Jim Clark Rally crash viewing spot 'ridiculous'

Image source, PA
Image caption, The driver said the spot where the crash occurred was very dangerous

A driver has told an inquiry people were watching the Jim Clark Rally at a "ridiculous" spot before a crash in which a woman and two men died.

Neil Mathews said his car came off the course a few hours before the fatal crash at the same place - by the Lee bridge near Swinton in the Borders.

The 41-year-old said it was an area prohibited to spectators because it was a very dangerous place.

He was giving evidence to a hearing at Edinburgh Sheriff Court.

The fatal accident inquiry is examining the circumstances surrounding the deaths of Elizabeth Allan, Len Stern and Iain Provan in 2014.

'Jumping effect'

It is also looking at the death of Joy Robson at the Snowman Rally near Inverness the previous year.

Mr Matthews, from Birmingham, was competing in the rally when he crashed his car at the same spot as the later fatal crash, going into a field on the opposite side of the road.

He said his car "took off" on crossing the bridge. He had initially controlled the landing, but the rear of the car began to slide on grass and the camber of the road sent him through a hedge into a field.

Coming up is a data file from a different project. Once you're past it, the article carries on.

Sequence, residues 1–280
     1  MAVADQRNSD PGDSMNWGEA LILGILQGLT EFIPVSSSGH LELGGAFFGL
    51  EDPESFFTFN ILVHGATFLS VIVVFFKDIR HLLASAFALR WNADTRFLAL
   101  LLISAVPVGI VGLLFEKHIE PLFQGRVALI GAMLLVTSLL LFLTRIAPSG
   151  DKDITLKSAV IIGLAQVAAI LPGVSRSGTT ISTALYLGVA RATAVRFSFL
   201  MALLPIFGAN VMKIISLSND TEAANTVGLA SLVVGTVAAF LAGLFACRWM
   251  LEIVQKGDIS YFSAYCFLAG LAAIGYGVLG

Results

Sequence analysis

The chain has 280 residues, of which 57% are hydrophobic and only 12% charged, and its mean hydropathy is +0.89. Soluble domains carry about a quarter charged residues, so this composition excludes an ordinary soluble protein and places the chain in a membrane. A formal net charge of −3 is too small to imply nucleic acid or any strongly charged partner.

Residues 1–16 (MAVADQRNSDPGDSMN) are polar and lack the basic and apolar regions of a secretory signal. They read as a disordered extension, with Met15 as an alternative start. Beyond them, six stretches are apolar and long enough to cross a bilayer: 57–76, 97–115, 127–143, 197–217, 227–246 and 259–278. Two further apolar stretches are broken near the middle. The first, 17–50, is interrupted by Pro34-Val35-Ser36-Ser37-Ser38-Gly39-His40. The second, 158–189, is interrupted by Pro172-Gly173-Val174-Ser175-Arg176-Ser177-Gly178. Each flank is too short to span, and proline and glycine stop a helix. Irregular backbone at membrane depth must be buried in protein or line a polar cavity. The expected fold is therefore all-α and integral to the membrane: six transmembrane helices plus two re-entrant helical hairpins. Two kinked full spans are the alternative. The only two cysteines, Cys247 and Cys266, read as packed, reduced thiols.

He told the court he had no knowledge of the "jumping" effect of the bridge or that there was a history of cars going off the road there.

The court heard evidence from a retired police officer who described the devastation caused by the crash at the Jim Clark Rally.

'Total devastation'

Gary Hoddinott said there were people lying dead or injured near a bridge where rally cars had crashed many times before, describing a scene of "total devastation".

The retired police sergeant, who served for 30 years with the police in Northumbria but now lives in Swinton, had gone to the rally with his wife and daughter.

He said the Swinton stage of the rally had been the scene of "a lot of crashes and near misses" over the years, and the area between the bridge and the East Lodge cottage was to be kept clear at all times. However, he said people kept going into the prohibited zone.

Describing the scene after the crash, he said: "People were shouting 'get help, people have been killed'.

"I ran down to the side of the field, by which time a police car was passing. He got to the field before me and when I entered the field it was total devastation.

"There was a woman with long grey hair who was being attended to by a female, PC Gibson [from the police car] was working on a male who was unconscious and lying on his back. Also nearby another male was lying on his back, conscious, with someone holding his head."

Mr Hoddinott said ambulances and paramedics arrived within 10 minutes.

The inquiry continues.

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